Although social work as a profession has a lengthy prehistory (of nearly 18 centuries B.C.) social work as an art is relatively new.
The training of social workers at tertiary institutions commenced in 1904 in the U.S.A. At home the first degree course in social work was offered at the University of Pretoria in 1929.
The development of social work as a science can be primarily attributed to practical experience recorded over the past century. This experience has been tested and refined according to theories, as well as that of other related disciplines.
The curriculum for social work training is based primarily upon two components, namely the scientific philosophy and methodology component. The first-mentioned component, although eclectic composed of a variety of relevant disciplines, is strongly supported by the theory of social work practice.
Owing to the fact that social work practice until recently primarily responded reactively to social problem phenomena, the training has been adapted accordingly so that practitioners are able to deal with a wide variety of problems. This state of affairs resulted in the curriculum being congested and very segmented.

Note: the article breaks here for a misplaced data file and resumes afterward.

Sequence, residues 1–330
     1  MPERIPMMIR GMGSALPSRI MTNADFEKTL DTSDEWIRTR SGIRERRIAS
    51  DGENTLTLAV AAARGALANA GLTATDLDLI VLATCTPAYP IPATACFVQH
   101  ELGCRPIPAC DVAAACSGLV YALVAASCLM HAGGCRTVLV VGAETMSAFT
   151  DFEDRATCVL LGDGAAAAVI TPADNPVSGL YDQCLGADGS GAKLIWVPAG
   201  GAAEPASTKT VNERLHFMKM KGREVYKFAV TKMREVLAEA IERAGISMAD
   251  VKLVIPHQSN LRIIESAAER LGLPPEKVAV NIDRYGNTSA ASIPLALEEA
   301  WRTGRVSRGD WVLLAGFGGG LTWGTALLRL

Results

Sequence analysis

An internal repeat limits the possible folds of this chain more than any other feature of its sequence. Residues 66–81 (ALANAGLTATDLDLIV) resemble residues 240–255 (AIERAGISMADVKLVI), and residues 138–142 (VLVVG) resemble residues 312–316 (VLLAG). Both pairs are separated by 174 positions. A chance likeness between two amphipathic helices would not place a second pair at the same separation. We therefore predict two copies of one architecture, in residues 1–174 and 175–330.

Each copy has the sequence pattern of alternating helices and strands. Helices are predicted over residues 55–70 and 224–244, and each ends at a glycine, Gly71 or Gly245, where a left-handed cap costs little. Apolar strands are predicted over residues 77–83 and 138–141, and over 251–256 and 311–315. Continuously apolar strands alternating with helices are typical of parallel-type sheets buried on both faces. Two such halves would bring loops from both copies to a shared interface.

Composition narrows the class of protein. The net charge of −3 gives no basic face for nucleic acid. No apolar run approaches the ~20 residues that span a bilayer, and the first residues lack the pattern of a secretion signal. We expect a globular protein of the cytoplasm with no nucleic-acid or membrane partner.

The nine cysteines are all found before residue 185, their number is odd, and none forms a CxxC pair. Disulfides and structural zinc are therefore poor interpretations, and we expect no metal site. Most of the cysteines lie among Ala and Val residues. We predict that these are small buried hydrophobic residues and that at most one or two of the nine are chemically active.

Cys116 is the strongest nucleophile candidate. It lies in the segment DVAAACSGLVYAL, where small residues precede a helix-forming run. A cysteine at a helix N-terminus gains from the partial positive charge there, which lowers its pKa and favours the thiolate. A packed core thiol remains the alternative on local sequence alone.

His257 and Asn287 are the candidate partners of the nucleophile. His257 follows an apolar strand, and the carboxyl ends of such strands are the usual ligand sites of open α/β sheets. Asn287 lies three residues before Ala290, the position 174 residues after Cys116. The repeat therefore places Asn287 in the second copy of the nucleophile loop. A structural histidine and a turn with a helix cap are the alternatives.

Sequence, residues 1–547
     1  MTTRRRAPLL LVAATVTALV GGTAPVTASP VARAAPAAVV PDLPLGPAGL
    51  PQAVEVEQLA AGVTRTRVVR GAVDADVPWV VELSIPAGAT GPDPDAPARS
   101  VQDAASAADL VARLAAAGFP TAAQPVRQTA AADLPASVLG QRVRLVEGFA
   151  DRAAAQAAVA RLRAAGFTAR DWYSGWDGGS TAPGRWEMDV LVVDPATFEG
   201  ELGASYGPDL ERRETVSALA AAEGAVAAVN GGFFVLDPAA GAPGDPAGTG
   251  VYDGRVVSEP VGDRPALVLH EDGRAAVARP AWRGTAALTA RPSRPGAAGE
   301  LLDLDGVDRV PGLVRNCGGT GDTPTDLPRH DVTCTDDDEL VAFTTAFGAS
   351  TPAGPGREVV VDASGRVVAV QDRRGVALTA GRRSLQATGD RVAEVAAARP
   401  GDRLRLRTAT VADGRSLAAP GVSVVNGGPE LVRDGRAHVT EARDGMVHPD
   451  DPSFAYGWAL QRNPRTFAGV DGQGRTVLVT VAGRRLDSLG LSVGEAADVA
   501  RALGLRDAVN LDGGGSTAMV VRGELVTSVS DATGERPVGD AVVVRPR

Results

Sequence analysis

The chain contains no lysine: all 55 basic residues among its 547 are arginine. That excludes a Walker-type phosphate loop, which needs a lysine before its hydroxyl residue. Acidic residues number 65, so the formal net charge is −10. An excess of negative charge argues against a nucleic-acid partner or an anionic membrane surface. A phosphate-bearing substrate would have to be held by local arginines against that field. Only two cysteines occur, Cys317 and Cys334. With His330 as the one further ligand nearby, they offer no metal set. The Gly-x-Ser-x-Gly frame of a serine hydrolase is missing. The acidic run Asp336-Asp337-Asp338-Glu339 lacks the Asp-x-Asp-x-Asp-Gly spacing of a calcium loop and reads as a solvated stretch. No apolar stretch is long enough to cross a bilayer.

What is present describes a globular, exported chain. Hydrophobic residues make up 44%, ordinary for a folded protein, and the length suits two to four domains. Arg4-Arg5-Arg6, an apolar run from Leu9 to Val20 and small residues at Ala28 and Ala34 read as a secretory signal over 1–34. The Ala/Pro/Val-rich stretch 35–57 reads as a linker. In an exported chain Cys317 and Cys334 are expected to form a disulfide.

Through the use of the intulogical model the training of social workers, in the light of all the important features of human development and the person-in-relation situation, can be regulated in such a manner that preparation of social workers for the field will be able to commence orderly and logically.
Through scientific classification it is clear that undergraduate training should be of generic nature while certain specialised fields should receive attention on a post-graduate level.
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